We follow Mao et al. (2016) for the objective function to train our GAN, since it leads to more stable training compared to the original formulation of GANs (Goodfellow et al., 2014). Let \(\mathbf{x}_i \in X\) and \(\mathbf{y}_i \in Y\) be an arbitrary pair of shot records with and without surface-related multiples, respectively. Given \(\mathbf{x}_i\) we aim to predict \(\mathbf{y}_i\) using the mapping \(\mathcal{G}_{\theta}\). In general, after training a GAN, the generator solely learns to generate output indistinguishable from samples drawn from the probability distribution of the target domain. In order to force the generator to map specific paired shot records with and without surface-related multiples, \((\mathbf{x}_i, \mathbf{y}_i), \ i = 1,2, \ldots, N\), where \(N\) is number of shot records for training, we use an additional \(\ell_1\)-norm misfit introduced by (Isola et al., 2017) to make sure \(\mathbf{x}_i\) gets mapped to \(\mathbf{y}_i\). The adversarial training objective, combined with the coherence misfit, is then written as follows: \[ \begin{equation} \begin{aligned} \min_{\theta} &\ \mathop{\mathbb{E}}_{\mathbf{x}\sim p_X(\mathbf{x}),\, \mathbf{y}\sim p_Y(\mathbf{y})}\left [ \left (1-\mathcal{D}_{\phi} \left (\mathcal{G}_{\theta} (\mathbf{x}) \right) \right)^2 + \lambda \left \| \mathcal{G}_{\theta} (\mathbf{x})-\mathbf{y} \right \|_1 \right ] ,\\ \min_{\phi} &\ \mathop{\mathbb{E}}_{\mathbf{x}\sim p_X(\mathbf{x}),\, \mathbf{y}\sim p_Y(\mathbf{y})} \left [ \left( \mathcal{D}_{\phi} \left (\mathcal{G}_{\theta}(\mathbf{x}) \right) \right)^2 \ + \left (1-\mathcal{D}_{\phi} \left (\mathbf{y} \right) \right)^2 \right ]. \end{aligned} \label{adversarial-training} \end{equation} \] The expectations in the above expression are computed with respect to pairs \(( \mathbf{x}_i, \mathbf{y}_i)\) of shot records with and without surface-related multiples drawn from the probability distributions \(p_X (\mathbf{x})\) and \(p_Y (\mathbf{y})\). Based on objective function \(\ref{adversarial-training}\), the generator has two tasks. First, it has to fool the discriminator and second, to map specific training pairs to each other—i.e., \(\mathbf{x}_i \rightarrow \mathbf{y}_i\) for all training pairs \((\mathbf{x}_i, \mathbf{y}_i)\). The hyper-parameter \(\lambda\) balances the importance of the two aforementioned tasks. Our experiments show that the training is not very sensitive the the value of \(\lambda\). We solve the optimization objective \(\ref{adversarial-training}\) by alternatively updating \(\theta\) and \(\phi\) that minimize the two objective functions. Solving the optimization objective \(\ref{adversarial-training}\) is typically based on Stochastic Gradient Descent (SGD) or one of its variants (Bottou et al., 2018; Goodfellow et al., 2016).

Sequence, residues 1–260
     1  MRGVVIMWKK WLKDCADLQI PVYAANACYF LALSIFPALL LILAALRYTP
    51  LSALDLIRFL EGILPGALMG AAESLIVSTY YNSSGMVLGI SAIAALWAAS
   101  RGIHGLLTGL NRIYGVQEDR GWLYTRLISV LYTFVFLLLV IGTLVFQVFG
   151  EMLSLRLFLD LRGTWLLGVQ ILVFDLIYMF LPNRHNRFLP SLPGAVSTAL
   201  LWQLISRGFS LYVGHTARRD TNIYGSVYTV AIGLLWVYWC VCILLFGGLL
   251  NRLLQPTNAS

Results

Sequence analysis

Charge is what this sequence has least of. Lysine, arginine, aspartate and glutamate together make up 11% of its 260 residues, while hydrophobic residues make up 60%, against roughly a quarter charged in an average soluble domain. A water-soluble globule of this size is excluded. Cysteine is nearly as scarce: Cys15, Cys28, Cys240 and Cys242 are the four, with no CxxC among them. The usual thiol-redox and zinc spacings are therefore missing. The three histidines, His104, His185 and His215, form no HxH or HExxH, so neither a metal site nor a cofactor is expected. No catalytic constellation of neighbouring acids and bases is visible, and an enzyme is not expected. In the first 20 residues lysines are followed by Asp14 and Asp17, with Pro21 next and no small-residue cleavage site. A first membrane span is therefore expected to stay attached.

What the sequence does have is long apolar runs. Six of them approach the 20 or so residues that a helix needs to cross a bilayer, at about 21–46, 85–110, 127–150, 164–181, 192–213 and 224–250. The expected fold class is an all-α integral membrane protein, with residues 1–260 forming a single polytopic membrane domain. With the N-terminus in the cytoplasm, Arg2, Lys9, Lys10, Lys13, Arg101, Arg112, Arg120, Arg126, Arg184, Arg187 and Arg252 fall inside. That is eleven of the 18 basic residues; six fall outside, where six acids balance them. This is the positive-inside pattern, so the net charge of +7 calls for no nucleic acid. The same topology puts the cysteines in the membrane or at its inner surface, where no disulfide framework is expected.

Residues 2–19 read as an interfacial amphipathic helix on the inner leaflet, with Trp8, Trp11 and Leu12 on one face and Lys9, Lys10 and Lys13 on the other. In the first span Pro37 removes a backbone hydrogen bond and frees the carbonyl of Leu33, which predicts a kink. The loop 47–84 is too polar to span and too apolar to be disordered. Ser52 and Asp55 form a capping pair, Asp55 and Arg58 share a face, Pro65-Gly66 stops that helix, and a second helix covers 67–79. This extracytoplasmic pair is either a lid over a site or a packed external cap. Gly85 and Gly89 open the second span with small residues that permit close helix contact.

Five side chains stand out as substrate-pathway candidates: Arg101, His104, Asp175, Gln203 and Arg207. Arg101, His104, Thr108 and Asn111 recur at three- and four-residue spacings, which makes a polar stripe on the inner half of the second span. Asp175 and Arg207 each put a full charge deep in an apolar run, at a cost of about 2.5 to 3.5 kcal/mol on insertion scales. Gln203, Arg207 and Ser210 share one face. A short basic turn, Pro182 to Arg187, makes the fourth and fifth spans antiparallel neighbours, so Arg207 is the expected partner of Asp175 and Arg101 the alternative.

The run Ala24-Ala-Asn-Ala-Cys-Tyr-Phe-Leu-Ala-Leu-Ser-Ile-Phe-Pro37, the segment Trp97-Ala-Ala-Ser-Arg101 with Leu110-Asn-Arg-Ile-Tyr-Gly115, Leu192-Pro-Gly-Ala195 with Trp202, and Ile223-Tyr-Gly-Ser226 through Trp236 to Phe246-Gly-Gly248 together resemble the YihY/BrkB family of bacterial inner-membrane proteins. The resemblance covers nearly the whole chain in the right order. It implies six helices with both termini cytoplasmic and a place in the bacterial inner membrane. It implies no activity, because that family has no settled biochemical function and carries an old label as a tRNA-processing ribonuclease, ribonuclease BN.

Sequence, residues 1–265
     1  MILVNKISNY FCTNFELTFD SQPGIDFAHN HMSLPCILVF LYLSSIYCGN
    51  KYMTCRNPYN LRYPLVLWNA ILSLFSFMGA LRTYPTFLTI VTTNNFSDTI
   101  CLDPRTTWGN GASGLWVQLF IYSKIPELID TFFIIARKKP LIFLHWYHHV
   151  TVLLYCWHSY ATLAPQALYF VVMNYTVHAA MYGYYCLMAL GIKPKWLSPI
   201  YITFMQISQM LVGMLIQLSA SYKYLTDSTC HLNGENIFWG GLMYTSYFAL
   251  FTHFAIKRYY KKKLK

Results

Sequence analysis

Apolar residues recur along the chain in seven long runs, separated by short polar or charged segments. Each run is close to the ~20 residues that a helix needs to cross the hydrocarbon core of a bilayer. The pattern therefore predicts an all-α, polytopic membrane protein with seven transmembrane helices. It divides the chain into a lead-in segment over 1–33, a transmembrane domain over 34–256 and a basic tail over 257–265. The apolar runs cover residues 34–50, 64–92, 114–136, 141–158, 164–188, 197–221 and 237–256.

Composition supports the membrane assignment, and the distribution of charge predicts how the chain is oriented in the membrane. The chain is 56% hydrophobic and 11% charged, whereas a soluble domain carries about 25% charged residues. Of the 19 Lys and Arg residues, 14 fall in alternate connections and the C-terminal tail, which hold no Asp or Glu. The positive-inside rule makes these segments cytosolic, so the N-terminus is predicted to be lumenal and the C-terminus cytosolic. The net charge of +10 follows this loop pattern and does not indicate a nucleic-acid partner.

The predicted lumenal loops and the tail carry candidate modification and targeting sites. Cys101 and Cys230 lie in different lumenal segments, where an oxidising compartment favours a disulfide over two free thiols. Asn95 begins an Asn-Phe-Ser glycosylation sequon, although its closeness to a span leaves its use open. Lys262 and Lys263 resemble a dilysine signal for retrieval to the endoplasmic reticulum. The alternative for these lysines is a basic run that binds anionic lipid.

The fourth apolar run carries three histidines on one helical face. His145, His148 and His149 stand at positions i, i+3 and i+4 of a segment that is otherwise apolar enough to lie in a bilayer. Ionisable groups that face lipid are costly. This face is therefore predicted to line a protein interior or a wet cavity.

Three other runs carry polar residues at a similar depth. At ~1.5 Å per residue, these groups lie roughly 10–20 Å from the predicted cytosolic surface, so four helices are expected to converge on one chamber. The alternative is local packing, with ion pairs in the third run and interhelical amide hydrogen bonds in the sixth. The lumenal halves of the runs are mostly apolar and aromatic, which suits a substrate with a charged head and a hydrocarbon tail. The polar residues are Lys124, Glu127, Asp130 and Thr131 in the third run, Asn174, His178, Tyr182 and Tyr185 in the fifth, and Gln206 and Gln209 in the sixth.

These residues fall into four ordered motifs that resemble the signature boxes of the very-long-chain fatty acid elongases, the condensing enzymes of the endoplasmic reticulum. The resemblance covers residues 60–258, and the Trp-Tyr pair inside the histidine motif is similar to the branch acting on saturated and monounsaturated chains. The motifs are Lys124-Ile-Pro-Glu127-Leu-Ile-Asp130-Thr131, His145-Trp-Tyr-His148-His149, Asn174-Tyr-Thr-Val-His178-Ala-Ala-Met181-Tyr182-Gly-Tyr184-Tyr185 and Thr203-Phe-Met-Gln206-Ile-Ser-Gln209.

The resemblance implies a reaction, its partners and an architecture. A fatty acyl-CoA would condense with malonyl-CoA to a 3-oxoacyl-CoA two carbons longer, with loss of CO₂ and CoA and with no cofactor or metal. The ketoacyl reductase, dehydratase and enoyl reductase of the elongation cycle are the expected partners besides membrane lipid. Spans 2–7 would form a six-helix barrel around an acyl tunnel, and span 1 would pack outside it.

We modify the neural network architecture described in Quan et al. (2016) to adapt it to the surface-related multiple elimination task. We accomplish this by adding extra encoding and decoding layers so that long-distance temporal and lateral correlations in shot records are perceived by the CNN. Our network can be simply described by \(16\) blocks, where the first half of the blocks define the encoding path of the neural network. This path includes a Residual Block (He et al., 2016), followed by a convolutional layer with stride two for down-sampling. The decoding path consists of \(8\) blocks also including a Residual Block, followed by a convolutional layer with stride \(0.5\) for up-sampling. For \(i = 1,2, \ldots , 7\), the output of \(i^{\text{th}}\) block in the encoder path of the network, in addition to serving as input to the next layer, is concatenated with the output of \((15-i)^{\text{th}}\) layer to construct the input to \((16-i)^{\text{th}}\) layer. The described neural network is used as the generator in the GAN framework. Because its initial success in removing multiples (Siahkoohi et al., 2018b), we use the network described in Isola et al. (2017) for the discriminator.

We want to indicate that neural networks are able to approximate the computationally expensive EPSI algorithm, when applied to field data. To demonstrate this, we conduct two numerical experiments. In the first experiment, we choose the shot records with and without surface-related multiples, obtained via EPSI, as input-output training pairs of a CNN. In the last experiment, we also supply the CNN with a relatively poor prediction of the multiples. By providing additional information to the CNN, we expect the CNN to produce better approximations to results obtained by EPSI.

Field data has more intricacies compared to synthetic data and this makes the surface-related multiple elimination via neural networks more challenging. Partly motivated by conventional algorithms for removal of the effects of the free surface, such as Surface-Related Multiple Elimination (SRME, Verschuur and Berkhout, 1997) and EPSI, which use all the shot records to predict primaries, the CNNs in our experiments operate on the entire shot record. By choosing a deep CNN architecture, we hope the CNN perceives the long-distance temporal and lateral correlations among recorded traces. Before describing the two experiments in detail, we first briefly describe the field data set we wish to process.

Our field data set, after exploiting reciprocity and applying near-offset interpolation, consists of \(401\) shot records that each contain \(401\) traces with \(1024\) time samples per trace. The time sampling interval is \(4\) ms and the spacing between receivers is \(12.5\) m (Baardman et al., 2010). We compute a poor predication of multiples by performing a multi-dimensional convolution of the data with itself. This corresponds to the first iteration of SRME except for the source-function correction, which can lead to leakage and loss of primary energy. As a result, the predicted multiples have a wrong source wavelet and possibly other time dependent scaling errors and consequently, the neural network needs to adapt these multiples to the total data with surface-related multiples. We also estimate primaries via the EPSI algorithm from which we can also compute the predicted multiples for comparison. As mentioned before, we use the estimated primaries and multiples via EPSI for half of the shot records for training and we will evaluate the performance of the network using the rest.